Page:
The phantasmogorical reality of the Cape Arcona Foundry and a subtle, perfectly styled font like CA Slalom might be hard to reconcile. The idea of “artist as Bohemian” is not new, but in the case of the two gentlemen behind (and occupants of) Cape Arcona, a particularly unique story belies the many practical uses of CA Slalom and other Cape Arcona fonts.

Cape Arcona was established in 2002 to promote fonts used by Thomas Schostok in his magazine Beast, which appeared in 12 issues. Or wait…13 issues? We’ve looked at every page of every issue. Beast combines amazing art, typography, graffiti, collage, sex, social commentary, humor, and so much more. Whether you find it risqué or brilliant, Beast’s originality and daring are timeless. These are images with a distinct voice, and that voice is Schostok’s. Check out all the cool, colourful things this guy does. Here’s some, and here’s some more.

This inimitable singularity defines everything Cape Arcona produces, whether the endeavour is collective or something specifically from Schostok or his partner Stefan Claudius. Consider Claudius’s design company Sichtvermerk, which presents an astounding collection of book design, corporate art, posters, and more. In addition to his funnier antics, Claudius is the consummate professional—skilled, established, serious, successful.


When two brilliant fellows like these come together, nobody should be surprised at great results. But they are interesting as a duo well beyond their work. For instance, here they are doing a press conference in 2006. What’s not to love? It’s been suggested that there is one writer for this blog that occasionally “builds out” the characters of certain typographers by adding a little of this and that. The gents at Cape Arcona do not require any extra lacquer.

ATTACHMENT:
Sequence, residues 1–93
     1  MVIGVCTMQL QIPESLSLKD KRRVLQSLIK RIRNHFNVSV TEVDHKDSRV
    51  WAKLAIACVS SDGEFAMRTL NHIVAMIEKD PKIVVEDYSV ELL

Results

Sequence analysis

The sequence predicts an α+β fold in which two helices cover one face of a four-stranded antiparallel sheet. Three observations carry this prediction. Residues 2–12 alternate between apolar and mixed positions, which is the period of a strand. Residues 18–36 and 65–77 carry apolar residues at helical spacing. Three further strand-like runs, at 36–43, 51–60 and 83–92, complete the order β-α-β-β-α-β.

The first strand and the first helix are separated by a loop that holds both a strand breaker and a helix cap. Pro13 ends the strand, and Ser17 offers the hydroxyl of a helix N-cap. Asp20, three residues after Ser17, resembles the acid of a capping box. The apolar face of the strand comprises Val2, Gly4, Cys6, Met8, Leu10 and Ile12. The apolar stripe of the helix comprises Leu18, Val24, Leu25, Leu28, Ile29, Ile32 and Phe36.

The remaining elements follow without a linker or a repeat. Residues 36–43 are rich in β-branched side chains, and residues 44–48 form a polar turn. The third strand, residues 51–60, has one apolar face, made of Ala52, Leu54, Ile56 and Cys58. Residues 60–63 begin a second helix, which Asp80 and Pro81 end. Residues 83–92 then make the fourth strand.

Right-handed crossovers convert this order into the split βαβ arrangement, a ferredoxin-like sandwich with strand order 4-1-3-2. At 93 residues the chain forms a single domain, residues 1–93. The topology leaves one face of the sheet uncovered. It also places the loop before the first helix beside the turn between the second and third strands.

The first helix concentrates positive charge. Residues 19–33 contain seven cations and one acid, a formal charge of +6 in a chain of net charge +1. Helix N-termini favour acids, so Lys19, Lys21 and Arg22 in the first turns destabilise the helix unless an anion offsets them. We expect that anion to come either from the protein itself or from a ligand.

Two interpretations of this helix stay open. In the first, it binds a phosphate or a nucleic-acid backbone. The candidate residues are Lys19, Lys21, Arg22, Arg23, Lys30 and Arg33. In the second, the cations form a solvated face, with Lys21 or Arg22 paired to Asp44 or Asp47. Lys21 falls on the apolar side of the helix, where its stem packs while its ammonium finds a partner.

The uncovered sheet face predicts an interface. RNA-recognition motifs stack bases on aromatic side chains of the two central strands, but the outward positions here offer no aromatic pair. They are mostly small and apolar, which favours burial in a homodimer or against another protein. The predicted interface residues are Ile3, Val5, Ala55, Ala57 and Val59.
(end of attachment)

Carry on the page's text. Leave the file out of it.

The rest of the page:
For instance, one of them worked on the Ever Given, the freighter made famous by sealing off the Suez Canal in 2021. Note—he was not on the ship during the infamous mess that revealed one freighter, acting as a giant cork, could halt world shipping. However, he was on the boat in 2019 when the Ever Given collided with the Finkenwerder near the Port of Hamburg. Arguably incidental, it’s that type of detail that makes Cape Arcona’s Declaration of Normality seem like wishful thinking, despite the correspondingly named font making a somewhat stronger argument.

But at the end of the day, it’s their outstanding work that makes the grade. It’s a great collection because every font from the utilitarian to the decorative is imbued with their hyper-creative brains—the edginess, the humour, the ambition to stand apart.

And the straight up skill. Funny guys, for sure, but also heavyweight craftsmen and artists. Capoli is a great example—it looks great technically, and the flair it radiates makes the viewer want to be in any room that font is a part of. We want that company. We want those drinks. We want that memory.


Let’s close it out with today’s feature, CA Slalom. Cape Arcona states: “The starting point for CA Slalom was the aspiration to create a contemporary interpretation of classics like Gill and Antique Olive in terms of aesthetics, flexibility and usefulness. The outstanding S soon became the visual hook and starting from the extra-bold extended weight, CA Slalom evolved into a huge family with four widths.”

CA Slalom is a perfect blend of contemporary purpose and vintage hip. With its unique curviness, it has just enough Italian sports car flash to rev the motors beyond functionality. It’s got the Cape Arcona vibe—it’s a font, words, letters, books, packages, signs, posters…but you don’t have to look too closely to find Schostok and Claudius. The hip is always in there. We want to say more and learn more, and most definitely will.

But for now, open the door to Cape Arcona with CA Slalom. More soon.

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